Wednesday, September 28, 2022

Ensemble Court-circuit residency at the University at Buffalo

The Center for 21st Century Music is excited to announce the return of Ensemble Court-circuit to the University at Buffalo on October 26th and 27th. Court-circuit joined us back in 2018 for a residency where they rehearsed and recorded UB graduate composer works and gave a concert of contemporary music, and we've been looking forward to having them back ever since. 

Court-circuit at the University at Buffalo in 2018
Court-circuit at the University at Buffalo in 2018
photo credit: Irene Haupt

Some background on them from their website: 

The composer Philippe Hurel and conductor Pierre-André Valade created the ensemble Court-circuit in 1991, following a meeting with the founders of Analix Gallery in Geneva. « Created by a composer for composers », Court-circuit from the outset was a place of experimentation, an art project promoting intense risk-taking in a spirit of total freedom. A strong commitment to contemporary music is the real cement of the ensemble. Court-circuit owes its nervous, rhythmic, incisive identity, as well as its banner-like name, to the musicians and their leader Jean Deroyer, who animate it with determination and virtuosity. A sought- after partner for composers, the ensemble cheerfully plays its role of agitator in the international contemporary scene.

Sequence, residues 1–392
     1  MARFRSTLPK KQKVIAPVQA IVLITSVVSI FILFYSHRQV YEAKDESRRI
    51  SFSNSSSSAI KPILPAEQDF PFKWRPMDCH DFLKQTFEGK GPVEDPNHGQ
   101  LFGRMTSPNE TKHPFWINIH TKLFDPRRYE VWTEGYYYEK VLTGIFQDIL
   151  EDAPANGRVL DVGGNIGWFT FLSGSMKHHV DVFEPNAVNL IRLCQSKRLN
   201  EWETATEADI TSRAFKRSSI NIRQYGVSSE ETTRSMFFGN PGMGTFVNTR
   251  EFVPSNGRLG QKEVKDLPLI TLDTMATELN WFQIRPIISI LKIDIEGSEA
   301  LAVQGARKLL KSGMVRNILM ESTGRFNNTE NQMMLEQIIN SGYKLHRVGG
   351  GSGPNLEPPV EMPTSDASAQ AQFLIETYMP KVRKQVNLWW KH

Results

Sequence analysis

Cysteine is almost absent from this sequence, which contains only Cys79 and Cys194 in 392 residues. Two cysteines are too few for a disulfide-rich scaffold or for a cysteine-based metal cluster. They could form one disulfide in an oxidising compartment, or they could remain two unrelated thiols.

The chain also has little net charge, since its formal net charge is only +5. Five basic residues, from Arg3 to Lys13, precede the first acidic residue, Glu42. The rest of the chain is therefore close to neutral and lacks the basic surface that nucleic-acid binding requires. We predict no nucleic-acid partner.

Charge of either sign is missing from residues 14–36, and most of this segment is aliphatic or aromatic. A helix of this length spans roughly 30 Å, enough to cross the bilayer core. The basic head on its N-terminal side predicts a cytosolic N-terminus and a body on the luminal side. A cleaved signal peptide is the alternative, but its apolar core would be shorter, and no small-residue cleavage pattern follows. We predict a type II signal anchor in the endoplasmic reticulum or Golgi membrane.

Court-circuit was invited by highly dynamic international programming (Maerzmuzik festivals, Ultima, Printemps des Arts, Musica Electronica Nova, Traiettorie, Gaïda) and haunts the high places of French creation and dissemination: Agora festivals, Manifesto, Novelum, Aujourd’hui Musiques in Perpignan, Messiaen in the Land of Meije, the Reims Opera, the Metz Arsenal, the Caen and Besançon theaters, and the Paris Opera.

Court-circuit is also involved in interdisciplinary projects that go beyond the sphere of contemporary music. After working with the Paris Opera for choreographic creations (Preljocaj, Lagraa),the ensemble had a fruitful partnership with the Théâtre des Bouffes du Nord (Paris), where it created two chamber operas (The Second Woman – Grand Prize of Critics 2011 – and Mimi – 2014 – both composed by Frédéric Verrières and staged by Guillaume Vincent, before beginning a collaboration with the Opera Comique (Paris) where it participates in the opera La Princesse légère composed by Violeta Cruz and directed by Jos Houben (premiere in 2017).

In parallel, Court-circuit created several ciné-concerts such as Paris qui dort (a René Clair film, with music by Yan Maresz) and Les hommes le dimanche (a Robert Siodmak film, with music by Alexandros Markeas).